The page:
I really don’t know what to say. Oro pointed me in the direction of this fairly new blog, written by Adrienne who discovered that she lost her baby girl, Claire, around her 36th week. I don’t know if the author will be back, but as Oro pointed out, it’d be nice if she saw the support this community can offer at such a sad time.
Also, Shelli had her second ultrasound and her baby’s heart had stopped beating sometime after her 6w+ scan last week and today. Shelli, I am so very and truly sorry.
Ask me about reproduction and I can give you all the clinical babble of ovulation, corpus luteum, luteal phase, progesterone, hCG, etc., etc.
Now ask me about pregnancy.
Yep, that’s uncharacteristic silence on my end.
It matters not that I’ve had a term pregnancy before. I just followed along in the book from month to month about what is expected. The book found it’s way to the trash a couple years ago and out of superstition, I just cannot get another.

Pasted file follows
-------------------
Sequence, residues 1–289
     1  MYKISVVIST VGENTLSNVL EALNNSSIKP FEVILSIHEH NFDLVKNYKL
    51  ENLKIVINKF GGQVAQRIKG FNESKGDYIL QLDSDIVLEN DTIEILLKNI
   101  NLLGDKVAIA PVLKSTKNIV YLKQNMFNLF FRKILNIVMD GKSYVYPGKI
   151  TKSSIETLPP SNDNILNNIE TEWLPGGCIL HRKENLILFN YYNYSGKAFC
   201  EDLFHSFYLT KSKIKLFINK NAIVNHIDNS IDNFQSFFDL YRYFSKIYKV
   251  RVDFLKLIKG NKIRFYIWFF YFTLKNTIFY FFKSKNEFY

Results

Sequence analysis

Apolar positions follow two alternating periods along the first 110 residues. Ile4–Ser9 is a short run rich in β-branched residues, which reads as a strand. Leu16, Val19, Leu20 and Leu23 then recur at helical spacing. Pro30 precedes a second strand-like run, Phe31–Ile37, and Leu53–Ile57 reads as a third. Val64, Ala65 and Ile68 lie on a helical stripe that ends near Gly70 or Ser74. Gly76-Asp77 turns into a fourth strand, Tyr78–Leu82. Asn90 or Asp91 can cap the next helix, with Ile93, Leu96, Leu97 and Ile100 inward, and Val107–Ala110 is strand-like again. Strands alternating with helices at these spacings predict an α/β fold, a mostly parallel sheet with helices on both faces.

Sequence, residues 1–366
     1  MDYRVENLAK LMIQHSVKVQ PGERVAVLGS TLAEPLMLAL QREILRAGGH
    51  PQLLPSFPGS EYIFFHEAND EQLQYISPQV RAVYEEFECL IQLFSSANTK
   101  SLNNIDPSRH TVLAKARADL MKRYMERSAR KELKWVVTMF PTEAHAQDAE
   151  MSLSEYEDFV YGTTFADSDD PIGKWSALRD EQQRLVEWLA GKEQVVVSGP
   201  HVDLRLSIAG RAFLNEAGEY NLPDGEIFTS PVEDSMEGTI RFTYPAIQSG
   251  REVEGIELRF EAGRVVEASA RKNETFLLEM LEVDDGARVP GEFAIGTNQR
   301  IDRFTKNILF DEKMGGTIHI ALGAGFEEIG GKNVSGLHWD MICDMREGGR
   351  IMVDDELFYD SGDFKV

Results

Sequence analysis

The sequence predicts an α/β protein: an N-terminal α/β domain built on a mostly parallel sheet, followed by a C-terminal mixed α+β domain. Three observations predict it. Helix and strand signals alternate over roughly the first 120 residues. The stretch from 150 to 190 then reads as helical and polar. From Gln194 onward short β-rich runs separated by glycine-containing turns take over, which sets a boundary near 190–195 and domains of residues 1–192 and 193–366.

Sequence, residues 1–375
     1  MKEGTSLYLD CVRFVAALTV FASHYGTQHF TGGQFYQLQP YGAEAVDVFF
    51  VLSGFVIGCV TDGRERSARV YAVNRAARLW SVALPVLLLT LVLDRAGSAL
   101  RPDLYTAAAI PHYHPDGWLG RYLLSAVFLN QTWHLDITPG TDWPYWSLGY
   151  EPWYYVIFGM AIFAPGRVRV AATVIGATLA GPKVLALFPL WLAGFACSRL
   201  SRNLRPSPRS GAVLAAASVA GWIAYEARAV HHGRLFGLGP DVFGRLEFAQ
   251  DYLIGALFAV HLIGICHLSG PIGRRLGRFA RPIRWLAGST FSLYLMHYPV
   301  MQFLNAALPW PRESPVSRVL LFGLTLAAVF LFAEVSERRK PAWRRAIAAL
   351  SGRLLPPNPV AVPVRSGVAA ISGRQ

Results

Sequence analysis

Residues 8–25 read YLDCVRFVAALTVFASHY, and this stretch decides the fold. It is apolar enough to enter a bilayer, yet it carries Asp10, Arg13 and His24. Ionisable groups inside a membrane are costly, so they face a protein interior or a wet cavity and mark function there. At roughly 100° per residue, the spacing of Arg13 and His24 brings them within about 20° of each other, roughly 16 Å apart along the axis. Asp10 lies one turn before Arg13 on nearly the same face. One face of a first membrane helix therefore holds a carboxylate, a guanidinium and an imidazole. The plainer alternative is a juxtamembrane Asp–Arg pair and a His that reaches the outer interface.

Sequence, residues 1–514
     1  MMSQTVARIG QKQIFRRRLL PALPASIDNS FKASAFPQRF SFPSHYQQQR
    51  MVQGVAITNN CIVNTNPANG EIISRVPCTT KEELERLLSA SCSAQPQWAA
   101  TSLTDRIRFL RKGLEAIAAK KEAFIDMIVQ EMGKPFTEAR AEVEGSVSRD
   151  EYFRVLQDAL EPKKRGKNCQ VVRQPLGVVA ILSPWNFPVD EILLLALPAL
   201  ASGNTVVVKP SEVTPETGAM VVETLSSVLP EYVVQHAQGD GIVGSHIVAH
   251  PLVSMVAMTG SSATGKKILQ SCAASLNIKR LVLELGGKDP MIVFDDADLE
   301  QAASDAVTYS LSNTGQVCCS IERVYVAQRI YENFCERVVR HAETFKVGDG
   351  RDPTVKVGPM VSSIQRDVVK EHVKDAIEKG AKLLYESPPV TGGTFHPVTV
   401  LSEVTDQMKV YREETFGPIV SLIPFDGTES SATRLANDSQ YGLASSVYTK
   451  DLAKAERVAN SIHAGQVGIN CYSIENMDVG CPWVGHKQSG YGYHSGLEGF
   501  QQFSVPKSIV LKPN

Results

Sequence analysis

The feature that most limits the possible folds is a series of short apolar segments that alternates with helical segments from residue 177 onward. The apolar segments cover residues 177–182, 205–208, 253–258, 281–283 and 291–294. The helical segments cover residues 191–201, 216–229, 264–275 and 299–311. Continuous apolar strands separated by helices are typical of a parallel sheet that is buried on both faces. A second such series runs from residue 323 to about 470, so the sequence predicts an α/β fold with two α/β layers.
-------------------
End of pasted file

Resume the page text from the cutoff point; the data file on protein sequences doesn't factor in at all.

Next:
That’s why after your comments about anterior placentas, I googled my brains out. It makes sense now to me. Plus I know that kind of information probably isn’t in any book, especially one rendered in watercolor with a very pregnant woman in a nightdress rubbing her abdomen absently with a quilt illustrated background *gah!*.
By the way, do you all know what anterior placenta means? It means that if you had x-ray vision and was able to view my gelatin-like abdomen, the placenta is between you and Murdock. In most cases, the placenta is behind the baby, attached to the uterus like a bean bag between the spine and baby.
Now I have no idea if that’s what I have, but I’m clinging to that thought for the next six days. My anatomy scan is next Tuesday. I’ll find out then if my placenta is indeed anterior and if Murdock is developing normally or if s/he is possibly going to end up like this "baby". Download walmart.wmv